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Thread: revisiting sharpening wheel grit debate

  1. #1
    Join Date
    Nov 2006
    Mountain Home, Arkansas

    revisiting sharpening wheel grit debate

    The subject of what is the best wheel grit for sharpening turning tools comes up fairly often, both here and other forums.
    My input has always been the same. When I first started turning, we had a professional turner as a member of our club. He advised me to go with 80 grit. His reasoning was that 100 was too fine and would not sharpen well. And 60 was too coarse and removed too much steel and left a ragged edge. So, I bought an Israeli made blue 80 grit and have been using that for more than six years.
    Today, I finally installed my new Delta slow grinder with my Wolverine rig. It has a white 60 grit and a white 120 grit. I wasn't real happy about this selection. But on testing, I got a big surprise. The 120 sharpens just fine. I'm real pleased with what it does and how it does it. I tested the 60 on an old Buck skew made with 'cast steel'. It also did a quite nice job and, IMHO, did not remove so much metal as to risk disaster.
    The only puzzlement is that while sharpening with the 120, I could see white dust coming off.
    A while back I sorta chided someone (Stu, wuz it you?) who mentioned that his sharpening wheels had gotten smaller. Seemed a near impossibility to me.
    Of course, I know that sharpening/grinding wheels do have to get smaller with use. But, my grinder, that I use for real grinding, is about 40 years old and the wheels are not notably smaller than when new. In fact, I have measured and they are still 8". (mebbe a bit less)
    But, these new white wheels do seem to be of a more friable material than the stuff the grinders are made from. So, I expect, I can look forward to shrinking wheels.
    So, what is the best grit for sharpening turning tools?
    Actually, is there a best?

  2. #2
    Join Date
    Jun 2008
    GTA Ontario Canada
    Frank having just recently set up my wolverine and done a fair bit of sharpening on my Delta 8 inch grinder i found i had the same experience you have. I have an 80 grit Norton white wheel from LV. It does seem very friable and very suseptable to changing shape. That was one of my reasons for posting a question recently about the wheel trimmers. This white stone seems very loose.

    Cannot comment on your main question though i am still too inexperience in the field of sharpening. I could look up what Mr. Leonard Lee says in his book which i have. But that would be another mans opinion albeit a real pro in my opinion.

  3. #3
    Join Date
    Nov 2006
    Mountain Home, Arkansas
    We did thrash this out less than a year ago:

    Left with as many questions as answers.
    No doubt though, 80 is most popular.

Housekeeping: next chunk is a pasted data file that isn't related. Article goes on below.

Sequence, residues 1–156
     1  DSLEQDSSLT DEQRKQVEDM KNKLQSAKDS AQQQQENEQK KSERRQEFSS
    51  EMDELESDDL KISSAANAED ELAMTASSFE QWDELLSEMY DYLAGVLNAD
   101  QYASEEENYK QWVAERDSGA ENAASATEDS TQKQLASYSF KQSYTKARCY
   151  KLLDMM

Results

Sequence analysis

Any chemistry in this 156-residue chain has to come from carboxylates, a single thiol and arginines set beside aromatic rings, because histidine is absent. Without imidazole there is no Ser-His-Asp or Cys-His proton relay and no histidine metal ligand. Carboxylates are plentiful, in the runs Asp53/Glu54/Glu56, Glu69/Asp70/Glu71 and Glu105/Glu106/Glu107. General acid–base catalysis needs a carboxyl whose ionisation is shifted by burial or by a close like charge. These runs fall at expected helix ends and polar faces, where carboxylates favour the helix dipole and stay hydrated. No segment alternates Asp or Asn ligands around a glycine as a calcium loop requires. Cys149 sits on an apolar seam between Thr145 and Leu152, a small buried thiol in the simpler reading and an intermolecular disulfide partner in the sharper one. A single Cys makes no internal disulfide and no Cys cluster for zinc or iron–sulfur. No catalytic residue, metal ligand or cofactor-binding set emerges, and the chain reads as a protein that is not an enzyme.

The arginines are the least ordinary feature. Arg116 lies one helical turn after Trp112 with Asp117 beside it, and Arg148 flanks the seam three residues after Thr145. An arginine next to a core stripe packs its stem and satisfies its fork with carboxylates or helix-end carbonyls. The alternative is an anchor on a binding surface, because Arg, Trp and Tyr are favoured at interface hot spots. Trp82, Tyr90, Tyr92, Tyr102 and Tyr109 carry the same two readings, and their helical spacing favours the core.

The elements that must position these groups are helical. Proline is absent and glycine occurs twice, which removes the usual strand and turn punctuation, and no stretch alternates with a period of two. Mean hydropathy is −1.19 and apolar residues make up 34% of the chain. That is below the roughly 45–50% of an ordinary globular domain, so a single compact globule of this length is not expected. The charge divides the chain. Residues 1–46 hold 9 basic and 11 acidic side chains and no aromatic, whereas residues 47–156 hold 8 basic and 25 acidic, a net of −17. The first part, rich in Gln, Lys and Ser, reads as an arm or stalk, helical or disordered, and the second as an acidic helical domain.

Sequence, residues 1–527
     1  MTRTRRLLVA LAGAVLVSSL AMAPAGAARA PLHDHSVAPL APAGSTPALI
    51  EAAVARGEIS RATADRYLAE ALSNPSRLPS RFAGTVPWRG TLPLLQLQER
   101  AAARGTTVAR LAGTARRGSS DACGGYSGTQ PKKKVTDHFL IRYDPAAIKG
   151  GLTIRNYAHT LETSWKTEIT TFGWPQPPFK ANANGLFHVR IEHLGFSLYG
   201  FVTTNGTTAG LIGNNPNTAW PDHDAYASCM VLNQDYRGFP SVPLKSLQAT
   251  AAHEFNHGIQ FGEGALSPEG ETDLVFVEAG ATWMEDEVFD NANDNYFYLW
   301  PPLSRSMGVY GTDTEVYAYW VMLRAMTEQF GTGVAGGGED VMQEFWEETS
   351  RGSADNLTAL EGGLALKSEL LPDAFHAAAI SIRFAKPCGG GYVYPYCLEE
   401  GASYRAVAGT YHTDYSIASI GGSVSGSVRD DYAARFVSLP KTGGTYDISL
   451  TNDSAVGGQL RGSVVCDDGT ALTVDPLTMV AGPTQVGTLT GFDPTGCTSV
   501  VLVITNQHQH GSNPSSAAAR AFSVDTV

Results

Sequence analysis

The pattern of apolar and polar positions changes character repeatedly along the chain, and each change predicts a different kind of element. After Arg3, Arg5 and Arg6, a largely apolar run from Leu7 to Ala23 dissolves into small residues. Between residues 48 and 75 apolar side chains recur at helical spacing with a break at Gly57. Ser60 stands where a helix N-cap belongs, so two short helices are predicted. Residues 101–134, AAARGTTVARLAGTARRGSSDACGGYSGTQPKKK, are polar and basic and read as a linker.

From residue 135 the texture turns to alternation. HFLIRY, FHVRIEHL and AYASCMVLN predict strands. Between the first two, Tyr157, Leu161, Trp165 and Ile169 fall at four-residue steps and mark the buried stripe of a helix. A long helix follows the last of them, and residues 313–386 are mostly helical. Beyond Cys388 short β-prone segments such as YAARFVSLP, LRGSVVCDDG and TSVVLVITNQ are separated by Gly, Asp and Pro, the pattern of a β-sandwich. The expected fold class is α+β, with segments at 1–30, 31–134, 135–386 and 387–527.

But, my limited experience with the 120 has changed my thinking.
    Now...wats this bizness with white and blue wheels?

  4. #4
    Join Date
    Oct 2006
    ABQ NM
    Quote Originally Posted by Frank Fusco View Post
    ...So, what is the best grit for sharpening turning tools?
    Actually, is there a best?
    IMHO, the 1000 grit wheel on the Tormek.

    Seriously, if I'm only re-sharpening an existing profile, and not trying the come up with a new shape for the tool, I prefer the finer grade stone. When I was using my Woodcraft 1750 RPM grinder on my gouges, I liked the results from the 120 grit wheel better than the 80 grit wheel. (I do still sharpen my scrapers on the 80 grit, though. I still haven't tried the Tormek method of raising a burr on a scraper yet.)

    Everybody will have a different preference. I'd say try a few a one will stand out as your favorite.

    Your mention of your 40 year old non-wearing grinding wheels sounds a lot like the wheels my granddad had on his grinder. It must have had some type of Kryptonite wheels, because you could grind a car into dust with no discernible wear on the wheel. It had never been dressed, so it was also so loaded with grinding residue that the wheel itself would set off an airport metal detector.
    When the going gets weird, the weird turn pro. - Hunter S. Thompson
    When the weird get going, they start their own forum. - Vaughn McMillan

  5. #5
    Join Date
    Apr 2009
    Outside the beltway
    I've tried everything over the years and 5 years ago I bought a Tormek, don't ask me what grit the wheel is what ever is the standard wheel that comes with it. All I know is I can make my chisels razor sharp with the follow up use of the leather strop. I had thought about getting a Japaneses wet stone for it but why, I already make edges sharp enough to draw blood just looking at the tools.

  6. #6
    Join Date
    Apr 2007
    Red Deer, Alberta, Canada
    Here's another vote for the Tormek. Like Vaughn, unless I'm changing a profile I like the Tormek.
    Why has common sense
    become so uncommon?

    My Woodwork Site

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